3 - 3/16" barb x 1/4" MIP hose barb adapters
1 - 1/4" FIP coupling
6' - 7/32" vacuum hose
1 - piece steel wool
? - epoxy/glue as needed
Originally, the air pump had a short hose attached that was not connected to anything. I drilled a 1/2" hole in the front of the case, and mounted the hose barb | coupling | hose barb combo, then used a short piece of the hose to connect the inside barb to the pump. This step could be eliminated and the hose attached to the pump and run out of the case however, doing it this way allows the hose to be disconnected and out of the way when not in use.
For the solder pickup I modified a manual desoldering pump. The thumb piece and the spring were discarded; save the plunger though - it can be used to keep the tip clean and unclogged. I epoxied the third hose barb connector into the space where the thumb piece was - the tape in the pictures is there only there to make a more comfortable grip - not for structural reasons. Put a small piece of steel wool in the tube - otherwise the solder will be sucked into the tube.
IMPORTANT: If you don't COMPLETELY understand what you are doing, skip the following and just turn on the hot air side of the unit when you want suction.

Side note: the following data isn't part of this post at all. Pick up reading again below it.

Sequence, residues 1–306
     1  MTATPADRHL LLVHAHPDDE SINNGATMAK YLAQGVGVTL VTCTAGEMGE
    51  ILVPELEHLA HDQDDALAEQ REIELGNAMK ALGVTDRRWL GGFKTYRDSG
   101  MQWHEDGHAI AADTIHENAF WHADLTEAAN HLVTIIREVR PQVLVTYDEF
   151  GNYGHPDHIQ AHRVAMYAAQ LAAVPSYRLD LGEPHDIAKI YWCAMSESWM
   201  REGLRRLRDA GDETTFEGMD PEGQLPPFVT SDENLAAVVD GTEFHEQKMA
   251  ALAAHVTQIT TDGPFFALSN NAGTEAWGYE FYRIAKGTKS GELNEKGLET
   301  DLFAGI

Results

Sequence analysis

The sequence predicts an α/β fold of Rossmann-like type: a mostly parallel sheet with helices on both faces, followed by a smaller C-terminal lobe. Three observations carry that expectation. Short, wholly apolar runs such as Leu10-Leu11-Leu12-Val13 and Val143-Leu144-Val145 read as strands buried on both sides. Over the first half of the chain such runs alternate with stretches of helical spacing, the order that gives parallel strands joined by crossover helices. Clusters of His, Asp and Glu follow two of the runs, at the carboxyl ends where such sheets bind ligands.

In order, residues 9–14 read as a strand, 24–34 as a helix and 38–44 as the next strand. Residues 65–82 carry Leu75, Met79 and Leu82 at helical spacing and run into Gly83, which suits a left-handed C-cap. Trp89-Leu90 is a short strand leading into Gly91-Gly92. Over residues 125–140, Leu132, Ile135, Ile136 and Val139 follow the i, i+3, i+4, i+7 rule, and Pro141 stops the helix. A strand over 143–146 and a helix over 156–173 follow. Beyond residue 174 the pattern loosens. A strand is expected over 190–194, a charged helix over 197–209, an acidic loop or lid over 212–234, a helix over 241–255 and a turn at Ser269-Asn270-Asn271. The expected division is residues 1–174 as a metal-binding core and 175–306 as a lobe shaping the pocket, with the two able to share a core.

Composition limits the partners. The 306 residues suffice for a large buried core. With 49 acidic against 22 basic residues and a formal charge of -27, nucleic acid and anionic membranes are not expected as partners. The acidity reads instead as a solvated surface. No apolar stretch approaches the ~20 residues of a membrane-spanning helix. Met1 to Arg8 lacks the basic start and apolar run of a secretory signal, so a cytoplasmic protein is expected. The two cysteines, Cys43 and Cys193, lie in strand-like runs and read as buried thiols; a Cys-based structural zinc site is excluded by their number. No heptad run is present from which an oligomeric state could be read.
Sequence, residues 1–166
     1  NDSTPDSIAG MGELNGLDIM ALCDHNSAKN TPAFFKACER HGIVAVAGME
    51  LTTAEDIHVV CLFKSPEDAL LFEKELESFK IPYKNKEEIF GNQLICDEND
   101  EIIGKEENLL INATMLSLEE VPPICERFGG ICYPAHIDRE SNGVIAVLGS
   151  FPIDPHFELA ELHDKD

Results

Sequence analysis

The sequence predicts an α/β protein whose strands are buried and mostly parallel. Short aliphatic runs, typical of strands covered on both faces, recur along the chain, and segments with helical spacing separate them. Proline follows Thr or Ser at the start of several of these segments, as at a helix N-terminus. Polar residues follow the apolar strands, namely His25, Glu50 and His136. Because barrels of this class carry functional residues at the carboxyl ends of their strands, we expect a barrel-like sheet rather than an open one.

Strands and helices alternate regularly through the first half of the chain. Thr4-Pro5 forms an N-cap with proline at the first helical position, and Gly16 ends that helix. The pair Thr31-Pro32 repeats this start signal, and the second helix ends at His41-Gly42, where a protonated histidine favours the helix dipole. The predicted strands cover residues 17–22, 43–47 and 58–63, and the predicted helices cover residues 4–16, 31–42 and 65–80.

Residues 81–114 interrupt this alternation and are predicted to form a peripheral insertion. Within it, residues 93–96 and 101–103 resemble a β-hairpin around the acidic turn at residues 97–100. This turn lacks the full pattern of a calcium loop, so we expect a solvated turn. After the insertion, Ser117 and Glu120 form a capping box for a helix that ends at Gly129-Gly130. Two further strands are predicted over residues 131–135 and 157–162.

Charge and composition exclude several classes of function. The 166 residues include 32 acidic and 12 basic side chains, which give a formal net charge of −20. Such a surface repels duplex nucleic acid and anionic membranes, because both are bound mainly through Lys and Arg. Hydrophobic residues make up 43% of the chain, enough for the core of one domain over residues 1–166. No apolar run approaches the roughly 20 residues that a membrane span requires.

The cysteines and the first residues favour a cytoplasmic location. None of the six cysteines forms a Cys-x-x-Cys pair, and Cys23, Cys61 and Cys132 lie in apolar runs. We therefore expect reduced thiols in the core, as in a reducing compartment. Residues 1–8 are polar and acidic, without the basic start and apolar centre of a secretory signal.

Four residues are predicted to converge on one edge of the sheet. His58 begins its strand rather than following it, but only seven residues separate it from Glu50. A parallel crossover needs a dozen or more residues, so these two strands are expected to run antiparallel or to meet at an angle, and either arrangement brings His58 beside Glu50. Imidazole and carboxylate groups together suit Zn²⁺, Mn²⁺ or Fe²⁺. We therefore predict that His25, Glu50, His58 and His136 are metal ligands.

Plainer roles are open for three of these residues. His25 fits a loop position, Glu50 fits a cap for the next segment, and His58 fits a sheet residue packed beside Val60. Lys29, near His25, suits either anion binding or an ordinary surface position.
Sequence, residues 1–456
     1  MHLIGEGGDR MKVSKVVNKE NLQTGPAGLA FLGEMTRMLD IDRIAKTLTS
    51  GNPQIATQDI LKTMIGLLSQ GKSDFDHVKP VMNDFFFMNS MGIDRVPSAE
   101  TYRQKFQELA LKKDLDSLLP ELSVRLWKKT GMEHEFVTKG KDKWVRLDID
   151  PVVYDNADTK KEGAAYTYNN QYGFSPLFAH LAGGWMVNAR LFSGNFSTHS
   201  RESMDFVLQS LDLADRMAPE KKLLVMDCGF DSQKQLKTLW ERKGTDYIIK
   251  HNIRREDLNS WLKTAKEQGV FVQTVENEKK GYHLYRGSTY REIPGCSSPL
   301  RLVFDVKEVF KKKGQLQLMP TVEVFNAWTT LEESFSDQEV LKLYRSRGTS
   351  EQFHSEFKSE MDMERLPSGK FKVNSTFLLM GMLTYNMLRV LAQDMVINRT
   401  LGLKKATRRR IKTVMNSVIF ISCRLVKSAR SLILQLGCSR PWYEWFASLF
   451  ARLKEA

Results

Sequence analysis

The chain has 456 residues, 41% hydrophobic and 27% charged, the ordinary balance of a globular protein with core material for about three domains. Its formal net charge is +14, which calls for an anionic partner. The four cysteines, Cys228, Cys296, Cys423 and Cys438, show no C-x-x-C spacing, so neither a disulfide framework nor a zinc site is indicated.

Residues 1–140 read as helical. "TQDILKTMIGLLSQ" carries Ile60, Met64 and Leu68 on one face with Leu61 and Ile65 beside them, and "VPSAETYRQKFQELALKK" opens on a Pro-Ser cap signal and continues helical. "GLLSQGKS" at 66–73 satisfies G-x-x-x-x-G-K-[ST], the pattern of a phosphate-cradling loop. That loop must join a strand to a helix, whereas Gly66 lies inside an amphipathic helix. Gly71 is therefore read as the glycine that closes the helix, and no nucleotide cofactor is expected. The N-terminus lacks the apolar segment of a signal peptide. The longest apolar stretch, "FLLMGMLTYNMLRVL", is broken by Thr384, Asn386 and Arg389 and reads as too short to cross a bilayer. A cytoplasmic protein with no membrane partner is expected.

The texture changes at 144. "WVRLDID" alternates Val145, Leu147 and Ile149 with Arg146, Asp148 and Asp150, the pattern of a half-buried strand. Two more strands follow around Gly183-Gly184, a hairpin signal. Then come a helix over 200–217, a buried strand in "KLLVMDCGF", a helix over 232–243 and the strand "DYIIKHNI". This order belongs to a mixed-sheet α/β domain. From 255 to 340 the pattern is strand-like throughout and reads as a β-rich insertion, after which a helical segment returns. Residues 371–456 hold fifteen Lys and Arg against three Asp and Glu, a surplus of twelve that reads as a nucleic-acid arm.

I didn't want to run the hot air portion of the unit just to get suction, so I added a DPDT switch to change between normal operation and manually turning the pump on. To do this, cut the 2 wires running between the PCB and the pump. Connect the wires from the pump to the center contacts of the switch; connect the ones from the PCB to one end of the switch. Splice into the power wires coming from the IEC connector and connect this to the other end of the switch. You'll probably have to extend several of them to reach, depending on where you put the switch.
Well, that's it. I've used it to desolder 40 or 50 parts so far, and I couldn't be more pleased with how it works - good luck with yours!